A circular approach is of high priority in the EU and globally as highlighted by the Circular Economy Action Plan, and changes in leading Green Building assessments and the new Europe-wide framework Level(s). These assessments are increasingly reliant on quantitative data and cradle-to-cradle Life Cycle Analysis (LCA) to measure resource and energy efficiency. However, applying the current Whole Building LCA method to industrialised housing and DfD is an unresolved issue. The standard LCA method assumes a 60-year life span for the entire building, that does not account the varying lifespans of different building layers. In addition, this does not support the comparison of a range of large building elements to inform design decisions in mass customised housing. These are crucial issues to address not only to appropriately assess the sustainability of industrialised housing, but to set appropriate governmental targets.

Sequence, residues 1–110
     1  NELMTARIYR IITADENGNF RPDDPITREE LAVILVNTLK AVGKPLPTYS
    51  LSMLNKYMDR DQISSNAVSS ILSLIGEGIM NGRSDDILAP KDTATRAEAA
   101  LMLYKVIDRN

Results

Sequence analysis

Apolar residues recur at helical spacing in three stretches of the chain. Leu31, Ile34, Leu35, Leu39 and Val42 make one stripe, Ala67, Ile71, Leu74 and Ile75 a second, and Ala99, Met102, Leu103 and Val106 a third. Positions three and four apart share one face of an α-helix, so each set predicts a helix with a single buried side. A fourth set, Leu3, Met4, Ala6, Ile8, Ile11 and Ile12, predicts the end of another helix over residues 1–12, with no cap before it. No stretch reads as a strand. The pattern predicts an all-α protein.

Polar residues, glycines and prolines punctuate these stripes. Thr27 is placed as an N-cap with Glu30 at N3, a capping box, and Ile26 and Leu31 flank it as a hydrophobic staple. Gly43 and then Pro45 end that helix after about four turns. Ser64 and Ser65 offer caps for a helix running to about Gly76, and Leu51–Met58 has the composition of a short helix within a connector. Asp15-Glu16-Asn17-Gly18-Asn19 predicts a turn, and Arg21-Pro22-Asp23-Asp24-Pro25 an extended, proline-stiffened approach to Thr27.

The aim of this project is therefore twofold: to investigate how Design for Disassembly (DfD) can provide circular sustainability solutions in housing and strategies for increased adoption at the building and policy levels.


Within this project, a new method is proposed to assess the sustainability of housing designed to be disassembled. This will be based on a cradle-to-cradle LCA using Building Information Modelling (BIM), which will incorporate holistic indicators in combination with the Shearing Layers concept, with different assumed lifespans for each layer. This will enable technical stakeholders to make better informed design decisions throughout all building stages and provide sustainable solutions based on more accurate information, within a less time-consuming process. This will be achieved through testing the proposed methodology on both research and industry projects with Universitat Politècnica de València (UPV) and construction company Grupo Casais. The expected outcome of this project is an outline methodology to be used in industry, which will include a roadmap and recommendations to achieve this.